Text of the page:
This guide takes you through using electric hookups, and what appliances you could use when camping, as well as a hand table to work out how much power you can use.
Sometimes using electricity in your tent is essential, especially if you want to heat your tent in the cooler months. There are also times when a kettle, microwave, lights, and a small fridge may be useful on a long camp, as well as a bottle steriliser for babies. (Not to mention a phone charger!)
What electrical appliances can you use at the campsite?
Most campsites in the UK will provide a three-pin connector rated at 16 Amps, which can provide a 230V supply, just like at home.
The campsite's electric supply will be fitted with a miniature circuit breaker (MCB). Understanding how much you can plug in before the circuit breaker trips is key.
Some campsites will double up on the electricity points, which means that if you overload the electricity, you trip out your tent and your neighbour's, which could make you very unpopular.
Ensure the campsite shows you how to reset the electrics if they trip. This may be something only the campsite owner can do, which may not be possible between 9 pm and 9 am, or there could even be a charge for resetting the electrics.
Many campsites only provide a 10A supply, and you may even find sites with only 5A (especially in Europe), so don't assume everything you could run at one site can be used at another.
Working out exactly how much you can plug in and turn on requires understanding Ohm's law and considering any voltage drop (which can cause a current increase) with long cable lengths!
The formula is Power (in Watts) = Voltage x current (Amps).
But don't worry. You needn't be a mathematical physics genius to work things out. You can use the table below to see how much power you have available depending on the current available at the campsite.
|Site Amps||Calculation||How Much Power|
|16A||230V x 16A||3.68kW|
|10A||230V x 10A||2.3kW|
|5A||230V x 5A||1.15kW|
Different appliances draw different amounts of current. A domestic kettle is power-hungry but you can get a low-watt camping kettle. Also, be careful of running devices at the same time. For example, when using the kettle, you may avoid overloading the supply by turning off a heater.
Here's some example of appliance power, but of course, check your own devices:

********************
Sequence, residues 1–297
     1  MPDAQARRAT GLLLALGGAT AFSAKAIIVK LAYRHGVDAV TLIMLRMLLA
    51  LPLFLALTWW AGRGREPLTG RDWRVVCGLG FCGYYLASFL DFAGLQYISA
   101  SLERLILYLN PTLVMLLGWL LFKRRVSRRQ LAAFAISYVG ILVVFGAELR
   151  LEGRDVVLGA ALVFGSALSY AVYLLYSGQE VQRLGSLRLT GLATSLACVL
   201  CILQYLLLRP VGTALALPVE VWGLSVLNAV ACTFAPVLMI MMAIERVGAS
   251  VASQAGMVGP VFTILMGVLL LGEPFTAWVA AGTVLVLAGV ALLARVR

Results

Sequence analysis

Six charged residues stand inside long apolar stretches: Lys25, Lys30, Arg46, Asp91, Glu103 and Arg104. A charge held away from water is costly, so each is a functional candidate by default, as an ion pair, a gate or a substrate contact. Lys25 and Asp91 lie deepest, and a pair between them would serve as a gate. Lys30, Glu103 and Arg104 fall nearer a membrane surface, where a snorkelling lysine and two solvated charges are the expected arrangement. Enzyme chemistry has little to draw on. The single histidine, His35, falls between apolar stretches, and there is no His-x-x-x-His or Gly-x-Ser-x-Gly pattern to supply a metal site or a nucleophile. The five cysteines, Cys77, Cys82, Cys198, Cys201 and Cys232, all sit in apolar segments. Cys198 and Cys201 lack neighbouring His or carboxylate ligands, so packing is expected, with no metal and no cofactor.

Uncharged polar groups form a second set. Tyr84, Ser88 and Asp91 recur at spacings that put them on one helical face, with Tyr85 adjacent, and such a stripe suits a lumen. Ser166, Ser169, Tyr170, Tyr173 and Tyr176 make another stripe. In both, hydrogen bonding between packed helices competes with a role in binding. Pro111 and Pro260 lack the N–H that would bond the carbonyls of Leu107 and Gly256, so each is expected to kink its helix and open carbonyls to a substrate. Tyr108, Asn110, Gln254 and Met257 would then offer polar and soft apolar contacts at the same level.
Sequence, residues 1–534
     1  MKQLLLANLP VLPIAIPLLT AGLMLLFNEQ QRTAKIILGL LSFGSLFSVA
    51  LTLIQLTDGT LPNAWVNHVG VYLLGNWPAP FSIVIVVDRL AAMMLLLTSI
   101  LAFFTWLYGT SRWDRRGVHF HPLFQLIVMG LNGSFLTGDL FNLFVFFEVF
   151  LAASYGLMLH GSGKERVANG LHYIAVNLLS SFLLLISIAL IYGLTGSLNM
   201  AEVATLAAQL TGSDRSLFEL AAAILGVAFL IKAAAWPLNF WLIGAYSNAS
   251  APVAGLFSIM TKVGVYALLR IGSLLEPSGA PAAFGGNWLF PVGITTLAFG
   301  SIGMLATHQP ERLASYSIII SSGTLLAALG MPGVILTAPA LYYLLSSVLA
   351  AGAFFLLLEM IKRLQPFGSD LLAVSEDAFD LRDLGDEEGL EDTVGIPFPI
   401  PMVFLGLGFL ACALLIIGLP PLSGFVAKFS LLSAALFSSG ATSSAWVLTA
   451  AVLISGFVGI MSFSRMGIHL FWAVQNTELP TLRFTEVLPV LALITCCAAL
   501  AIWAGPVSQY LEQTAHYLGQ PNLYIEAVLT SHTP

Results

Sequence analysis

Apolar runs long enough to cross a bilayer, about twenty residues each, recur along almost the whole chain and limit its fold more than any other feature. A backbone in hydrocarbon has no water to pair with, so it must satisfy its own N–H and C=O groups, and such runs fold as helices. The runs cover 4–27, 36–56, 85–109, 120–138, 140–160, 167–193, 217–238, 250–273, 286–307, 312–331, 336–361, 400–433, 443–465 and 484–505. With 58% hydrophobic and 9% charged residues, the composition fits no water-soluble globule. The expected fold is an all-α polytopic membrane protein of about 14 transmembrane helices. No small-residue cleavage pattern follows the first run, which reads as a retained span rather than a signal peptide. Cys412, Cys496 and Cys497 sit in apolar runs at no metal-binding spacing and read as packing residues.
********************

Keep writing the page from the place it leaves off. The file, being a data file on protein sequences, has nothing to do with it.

|Appliance||Typical Power (W)||Current (A)|
|2kw Fan Heater||2000||8.7|
|1kw Fan Heater||1000||4.4|
|Low Watt camping fan heater||750||3.3|
|600W Hair Dryer||600||2.6|
|1.2kw Hair Dryer||1200||5.2|
Examples of what appliances you can use when camping
If you are on a campsite with a 10 Amp supply, you will have around 2.3kW available.
That means you could run a low-watt camping or travel kettle (around 750 Watts), plus a low-watt toaster (900 Watts). But if someone then plugs in a low 600W Hair Dryer, you are dangerously close to tripping the electrics.
Of course, not all appliances are the same. Your camping kettle may use 1000W, and your low-watt travel toaster may also use 1000W. That won't give you enough power to run much else simultaneously.
If the campsite only has a 5 Amp supply, then you will only have around 1.15kW.
That 1000W kettle will be the only thing you can have running.
Of course, if you are on a campsite with a full 16Amps, you'll have a full 3.68kW to use.
Add up all the Watts of the appliances you want to use simultaneously and ensure it stays below the maximum Watts on the campsite's Electric Hook-Up.
Connecting to the Electric Supply
So here's the common sense bit: Electricity is Dangerous.
Always use a proper IP44-rated supply with a Residual Current Device (RCD) built-in to connect to the campsite's electric supply - do not use a household extension.
A proper camping electric hook-up unit is obtainable for around £50.
You should also keep your unit dry and raise it off the floor.
Although it is a little more expensive, we recommend the Outwell Mains 3-Way-Roller Kit with USB and Light. It's a nice safe design; you don't need an additional USB charger. It also has a night light, which is useful if you have young kids. Click here to read our review of this mains roller kit.
No power? Check the grey switch.
Newer electric hook-up points have a grey turn switch above where you plug your lead.